The past week was, predictably, busy, but in an entirely different way than the first 9 weeks of my journey, filled with more firsts and farewells than ever.
The weekend marked my departure from Caux; as always, I was absurdly nostalgic to see the Caux Palace fade into the distance, but was happy to be making the journey down the mountain with Dorothea, one of my fellow Communications Assistants, and Shawn, an Australian conference participant we had gotten to know. The three of us stayed at Dorothea’s apartment in Geneva and celebrated the end of the Fetes de Geneve (two weeks of Swiss National Day celebration) together. We arrived in Geneva around 10, at the beginning of the fireworks show, which lasted for an hour. It was the sort of show that was so loud and so big, you could feel the echoes in your chest. We celebrated our departure from Caux with a round of mojitos on the river, and then wandered into the ethnic district, where I was treated to my first ever sighting of prostitutes. I don’t really know how I’ve gone 23 years without ever seeing one, but the street corners of Geneva were my first encounter. On our way home, we stopped for a drink in what appeared to be a regular sports bar, but was actually a Thai Karaoke bar, called Jame’s Pub (not James or James’, but Jame’s).
The next day, we departed for brunch, eating in the sunshine, before wandering a street market, riding a ferris wheel, eating delicious gelato, and finally settling into chairs on a lawn, where they showed Eternal sunshine of the spotless mind on an enormous, inflatable screen, Lake Geneva in the background. Now, before I begin on the next part of the story, I’d like to point out that I had to pee an hour before the movie started; by the time it ended at 1130, we had to rush to our first of three buses, since they don’t run very late on Sundays. By this time, all three of us were in need of the facilities, and when we reached our final bus stop, we realized we had a half hour to wait before the next bus arrived. I was beginning to get desperate; Geneva isn’t the sort of city that offers private bushes or wooded areas, and few cafes and bars are open late on Sundays. Finally, we ran into a pair of women who directed us to ‘the Palace,’ a pub that was apparently always open. We should have been warned by the first glance that something was awry – there were two bouncers outside, and after some discussion, they permitted us to enter one at a time, but instructed us to go straight upstairs to the bathroom. Since I was incredibly uncomfortable at this point, I ran upstairs, not looking left or right. I did find it a little odd that the place was full of pounding music and mirrors, but didn’t question anything until I returned outside, at which point Dorothea grabbed my arm and apologized profusely for sending me in alone. As it turns out, I had had my first glimpse of a strip club without even realizing it. If we had approached it from the opposite direction, we probably would have noticed the red lights and the fact that it was actually called “Petit Palace,” though ‘petit’ was spelled backwards so it shared the ‘p’ with palace – ‘titePalace’ – get it? Tit palace? Anyhow, after this minor trauma, Dorothea and Shawn opted to find a private garden, and we made our way homewards, feeling exceptionally lucky that I had been so goal-oriented that I didn’t notice the activity of the bar.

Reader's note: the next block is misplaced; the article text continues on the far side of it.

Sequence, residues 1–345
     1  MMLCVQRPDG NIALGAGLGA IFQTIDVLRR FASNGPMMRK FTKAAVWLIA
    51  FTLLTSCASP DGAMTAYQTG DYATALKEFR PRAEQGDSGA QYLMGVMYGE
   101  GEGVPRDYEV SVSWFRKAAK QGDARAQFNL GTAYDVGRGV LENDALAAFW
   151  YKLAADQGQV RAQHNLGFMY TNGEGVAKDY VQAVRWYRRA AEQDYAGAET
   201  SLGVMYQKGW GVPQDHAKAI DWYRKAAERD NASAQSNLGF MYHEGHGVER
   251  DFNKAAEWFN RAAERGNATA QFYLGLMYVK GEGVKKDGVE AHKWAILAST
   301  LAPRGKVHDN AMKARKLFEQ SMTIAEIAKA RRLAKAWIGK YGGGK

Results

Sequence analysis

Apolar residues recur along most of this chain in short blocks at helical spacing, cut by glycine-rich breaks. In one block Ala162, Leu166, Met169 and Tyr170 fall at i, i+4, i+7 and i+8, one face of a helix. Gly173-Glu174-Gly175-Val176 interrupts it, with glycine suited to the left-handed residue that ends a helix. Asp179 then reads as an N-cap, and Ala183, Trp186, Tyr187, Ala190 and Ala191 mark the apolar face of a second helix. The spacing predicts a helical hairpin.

We returned to Dorothea’s apartment for a final night in Switzerland before heading east, to Lebanon, on Monday.